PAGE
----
Take the Lead
Rated PG-13, 108 min. Directed by Liz Friedlander. Starring Antonio Banderas, Rob Brown, Yaya DaCosta, Danta Basco, John Ortiz, Alfre Woodward.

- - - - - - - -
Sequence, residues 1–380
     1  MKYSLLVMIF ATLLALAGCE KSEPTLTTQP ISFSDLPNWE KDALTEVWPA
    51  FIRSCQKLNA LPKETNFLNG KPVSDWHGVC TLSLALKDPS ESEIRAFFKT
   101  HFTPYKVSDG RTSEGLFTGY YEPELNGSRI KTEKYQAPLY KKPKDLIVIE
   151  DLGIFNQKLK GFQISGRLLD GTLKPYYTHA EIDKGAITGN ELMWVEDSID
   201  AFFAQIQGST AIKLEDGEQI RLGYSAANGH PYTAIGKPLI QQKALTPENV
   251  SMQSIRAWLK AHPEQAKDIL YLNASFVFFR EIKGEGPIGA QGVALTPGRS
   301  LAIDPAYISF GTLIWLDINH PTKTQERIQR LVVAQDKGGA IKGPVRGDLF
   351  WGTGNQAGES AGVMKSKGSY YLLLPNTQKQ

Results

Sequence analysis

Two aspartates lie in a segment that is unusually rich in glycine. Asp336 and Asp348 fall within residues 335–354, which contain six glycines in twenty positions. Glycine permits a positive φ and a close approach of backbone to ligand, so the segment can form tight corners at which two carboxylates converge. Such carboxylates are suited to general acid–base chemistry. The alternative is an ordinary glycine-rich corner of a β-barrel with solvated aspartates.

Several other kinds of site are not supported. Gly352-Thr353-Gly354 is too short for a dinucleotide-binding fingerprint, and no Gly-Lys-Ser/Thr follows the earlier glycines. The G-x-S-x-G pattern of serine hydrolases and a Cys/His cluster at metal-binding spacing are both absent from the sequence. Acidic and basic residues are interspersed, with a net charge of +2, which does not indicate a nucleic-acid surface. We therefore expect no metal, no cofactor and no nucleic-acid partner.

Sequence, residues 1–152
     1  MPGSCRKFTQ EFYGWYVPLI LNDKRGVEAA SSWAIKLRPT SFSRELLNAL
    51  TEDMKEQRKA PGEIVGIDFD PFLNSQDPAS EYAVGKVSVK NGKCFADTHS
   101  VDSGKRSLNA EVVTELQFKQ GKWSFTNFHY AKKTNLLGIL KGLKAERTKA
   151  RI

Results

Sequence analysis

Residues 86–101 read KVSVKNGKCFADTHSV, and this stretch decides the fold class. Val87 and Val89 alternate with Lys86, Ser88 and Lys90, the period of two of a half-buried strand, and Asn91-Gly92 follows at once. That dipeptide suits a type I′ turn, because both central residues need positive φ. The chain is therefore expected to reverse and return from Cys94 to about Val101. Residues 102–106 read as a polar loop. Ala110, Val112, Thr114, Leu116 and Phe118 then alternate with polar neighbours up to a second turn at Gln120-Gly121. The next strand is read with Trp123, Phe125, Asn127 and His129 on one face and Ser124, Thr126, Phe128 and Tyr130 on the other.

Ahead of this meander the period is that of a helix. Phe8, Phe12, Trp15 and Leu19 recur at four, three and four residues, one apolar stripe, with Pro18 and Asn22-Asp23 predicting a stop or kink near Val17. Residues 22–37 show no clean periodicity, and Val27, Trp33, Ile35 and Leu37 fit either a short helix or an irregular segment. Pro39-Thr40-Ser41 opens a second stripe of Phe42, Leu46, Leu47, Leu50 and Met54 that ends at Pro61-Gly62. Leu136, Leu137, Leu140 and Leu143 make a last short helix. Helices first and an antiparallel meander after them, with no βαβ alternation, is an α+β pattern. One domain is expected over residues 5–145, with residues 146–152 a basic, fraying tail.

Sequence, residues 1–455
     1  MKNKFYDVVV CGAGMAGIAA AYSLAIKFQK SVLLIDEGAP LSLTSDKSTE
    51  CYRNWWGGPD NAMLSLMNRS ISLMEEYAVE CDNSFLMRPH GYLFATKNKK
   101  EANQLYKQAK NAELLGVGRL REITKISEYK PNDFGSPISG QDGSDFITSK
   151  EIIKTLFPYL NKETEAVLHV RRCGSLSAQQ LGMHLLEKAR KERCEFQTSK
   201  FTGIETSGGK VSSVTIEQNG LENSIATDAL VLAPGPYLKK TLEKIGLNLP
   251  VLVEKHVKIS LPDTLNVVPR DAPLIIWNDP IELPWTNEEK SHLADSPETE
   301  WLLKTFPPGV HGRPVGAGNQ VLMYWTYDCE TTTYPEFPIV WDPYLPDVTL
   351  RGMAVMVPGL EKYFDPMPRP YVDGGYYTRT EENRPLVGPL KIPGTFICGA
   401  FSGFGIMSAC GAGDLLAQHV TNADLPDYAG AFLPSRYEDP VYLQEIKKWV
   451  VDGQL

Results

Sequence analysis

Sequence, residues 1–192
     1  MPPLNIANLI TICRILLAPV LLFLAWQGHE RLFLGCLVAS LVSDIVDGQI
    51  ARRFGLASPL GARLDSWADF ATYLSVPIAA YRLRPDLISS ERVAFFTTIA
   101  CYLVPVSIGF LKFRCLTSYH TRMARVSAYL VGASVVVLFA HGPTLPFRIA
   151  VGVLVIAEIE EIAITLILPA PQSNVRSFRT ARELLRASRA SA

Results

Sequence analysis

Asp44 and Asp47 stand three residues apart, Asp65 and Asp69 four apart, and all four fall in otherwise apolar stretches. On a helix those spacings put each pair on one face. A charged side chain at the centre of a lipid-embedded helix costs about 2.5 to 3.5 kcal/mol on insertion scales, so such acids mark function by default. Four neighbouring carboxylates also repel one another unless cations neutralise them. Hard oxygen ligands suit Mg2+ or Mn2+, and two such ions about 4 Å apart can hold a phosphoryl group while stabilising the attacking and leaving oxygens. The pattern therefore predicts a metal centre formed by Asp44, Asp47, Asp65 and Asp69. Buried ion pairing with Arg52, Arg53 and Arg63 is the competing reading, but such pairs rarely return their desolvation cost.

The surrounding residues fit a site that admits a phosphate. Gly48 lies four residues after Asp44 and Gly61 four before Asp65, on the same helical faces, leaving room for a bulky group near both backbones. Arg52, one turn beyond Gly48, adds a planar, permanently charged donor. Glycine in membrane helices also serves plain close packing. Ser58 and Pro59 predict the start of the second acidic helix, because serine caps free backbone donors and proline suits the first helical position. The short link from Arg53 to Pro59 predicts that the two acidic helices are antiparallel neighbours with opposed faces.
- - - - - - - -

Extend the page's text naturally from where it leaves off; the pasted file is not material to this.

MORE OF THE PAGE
There’s nothing particularly revelatory about Take the Lead, which mines the battle-tested Hollywood chestnut of urban youth who find salvation, inspiration, and, in this case at least, more than a little perspiration from the most unlikely of sources, an adult who actually gives a damn. This time out, it’s former guitar-slinging desperado and spy dad Banderas, whose character here, the suave ballroom dance instructor Pierre Dulaine, is based on an actual person, which adds a layer of compelling grittiness to the already gritty proceedings. It’s Banderas’ film all the way, of course: He’s one of those genuinely gifted, glowing actors who can nevertheless hold your attention through sheer onscreen charisma. As Dulaine, Banderas volunteers to teach the proverbial worst-of-the-worst at a decrepit public high school in New York City the finer points of working the dance floor. To no one’s surprise, his inadvertent coupling of the foxtrot and bossa nova with the phat beats of puckish teen DJ Ramos (Basco) ends up saving the day and making the local cotillion crowd look positively staid by comparison. Is there the requisite battle-dance capping the third act? Yes, indeed, but it’s difficult to fault such a warm, bouncy, and, yes, occasionally funky genre stalwart such as this for being exactly what you’d expect. I’ll give it my best shot, though. Oddly, Banderas’ character suaves his way through director Friedlander’s smooth-as-silk film without so much as a single love interest, which makes you wonder what he does in his down time, or if he even has any, what with rescuing the youth of America from themselves and so forth. Banderas working solo is a stretch, to be sure, but he pulls it off with strutty aplomb, whipping his initially reluctant wards (who, to their eternal detriment, begin by dissing Gershwin) into a hybrid, multiracial band of brothers (and sisters) who reroute their hip-hop style and bad attitudes into something resembling Breakin’ 3, minus Boogaloo Shrimp. Take the Lead offers few if any surprises to anyone who’s seen either the aforementioned Breakin’, Beat Street, or, most obvious of all, Dangerous Minds. That said, I can think of far worse ways to introduce your offspring to the glory of the ballroom, backbeat or no.
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